The gut microbiota harvests energy from indigestible plant polysaccharides, forming short-chain fatty acids (SCFAs) that are absorbed from the bowel. SCFAs provide energy—presumably after easily digested food components have been absorbed from the small intestine. Infant night waking is believed by many parents to be due to hunger. Our objective was to determine whether faecal SCFAs are associated with longer uninterrupted sleep in infants. Infants (n = 57) provided faecal samples for determining SCFAs (7 months of age), and questionnaire data for determining infant sleep (7 and 8 months). Linear regression determined associations between SCFAs—faecal acetate, propionate and butyrate—and sleep. For each 1% higher propionate at 7 months of age, the longest night sleep was 6 (95% CI: 1, 10) minutes longer at both 7 and 8 months. A higher proportion of total faecal SCFA as propionate was associated with longer uninterrupted infant sleep.
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The authors would like to acknowledge all the families who participated in the BLISS study, as well as the research staff involved from the Departments of Human Nutrition, Medicine, and Microbiology and Immunology at the University of Otago.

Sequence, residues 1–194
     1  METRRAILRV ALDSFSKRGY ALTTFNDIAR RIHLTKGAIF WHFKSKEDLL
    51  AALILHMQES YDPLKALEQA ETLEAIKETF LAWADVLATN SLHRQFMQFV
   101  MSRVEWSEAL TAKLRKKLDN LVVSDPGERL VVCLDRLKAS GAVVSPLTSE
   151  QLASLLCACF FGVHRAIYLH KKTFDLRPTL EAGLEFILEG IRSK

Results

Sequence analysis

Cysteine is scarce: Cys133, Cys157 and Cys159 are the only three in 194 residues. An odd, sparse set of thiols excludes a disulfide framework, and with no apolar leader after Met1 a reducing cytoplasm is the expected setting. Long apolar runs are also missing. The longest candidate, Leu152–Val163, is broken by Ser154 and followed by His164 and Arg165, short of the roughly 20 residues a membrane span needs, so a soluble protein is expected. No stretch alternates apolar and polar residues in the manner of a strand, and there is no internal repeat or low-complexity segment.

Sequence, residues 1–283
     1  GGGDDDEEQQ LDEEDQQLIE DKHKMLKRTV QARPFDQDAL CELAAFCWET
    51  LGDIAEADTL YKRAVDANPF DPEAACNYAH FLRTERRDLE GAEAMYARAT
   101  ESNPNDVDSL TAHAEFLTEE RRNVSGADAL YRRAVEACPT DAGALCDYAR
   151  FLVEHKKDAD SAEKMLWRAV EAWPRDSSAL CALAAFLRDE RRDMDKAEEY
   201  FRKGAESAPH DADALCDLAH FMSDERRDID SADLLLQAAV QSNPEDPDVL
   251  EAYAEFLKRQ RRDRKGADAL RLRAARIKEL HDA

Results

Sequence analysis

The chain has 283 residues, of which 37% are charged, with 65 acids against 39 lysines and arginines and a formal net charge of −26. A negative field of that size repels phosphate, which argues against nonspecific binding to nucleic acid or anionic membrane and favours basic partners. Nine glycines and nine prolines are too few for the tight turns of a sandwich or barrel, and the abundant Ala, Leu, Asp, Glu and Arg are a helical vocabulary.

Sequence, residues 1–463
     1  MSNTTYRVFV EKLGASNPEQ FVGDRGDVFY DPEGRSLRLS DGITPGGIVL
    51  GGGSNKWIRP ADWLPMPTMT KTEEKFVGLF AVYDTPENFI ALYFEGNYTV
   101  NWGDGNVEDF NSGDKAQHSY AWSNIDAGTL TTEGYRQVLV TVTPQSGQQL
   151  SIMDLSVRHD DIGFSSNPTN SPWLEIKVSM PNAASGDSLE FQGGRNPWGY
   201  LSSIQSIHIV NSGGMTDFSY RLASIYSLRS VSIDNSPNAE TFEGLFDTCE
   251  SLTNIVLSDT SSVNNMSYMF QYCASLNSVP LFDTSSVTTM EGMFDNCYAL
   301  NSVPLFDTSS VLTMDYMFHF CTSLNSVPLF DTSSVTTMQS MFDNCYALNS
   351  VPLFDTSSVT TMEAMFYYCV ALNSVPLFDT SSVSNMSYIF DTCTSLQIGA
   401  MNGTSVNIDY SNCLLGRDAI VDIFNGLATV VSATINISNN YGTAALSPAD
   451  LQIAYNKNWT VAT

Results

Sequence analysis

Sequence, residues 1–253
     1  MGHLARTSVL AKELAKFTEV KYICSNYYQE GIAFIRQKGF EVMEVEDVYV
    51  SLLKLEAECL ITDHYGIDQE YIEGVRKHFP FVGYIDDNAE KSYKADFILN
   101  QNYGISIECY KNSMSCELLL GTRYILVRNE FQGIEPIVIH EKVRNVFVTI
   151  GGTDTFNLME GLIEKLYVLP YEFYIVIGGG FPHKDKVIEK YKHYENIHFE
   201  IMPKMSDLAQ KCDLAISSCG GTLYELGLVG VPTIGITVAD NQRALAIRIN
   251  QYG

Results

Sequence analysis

This study was supported by Lottery Health Research, Meat & Livestock Australia, Karitane Products Society, Perpetual Trustees, High Value Nutrition Science Challenge, New Zealand Federation of Women’s Institutes and the University of Otago, with in kind contributions from Heinz Watties, Ltd; and by a fellowship from Karitane Products Society (RWT).
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Heath, AL.M., Haszard, J.J., Galland, B.C. et al. Association between the faecal short-chain fatty acid propionate and infant sleep. Eur J Clin Nutr 74, 1362–1365 (2020). https://doi.org/10.1038/s41430-019-0556-0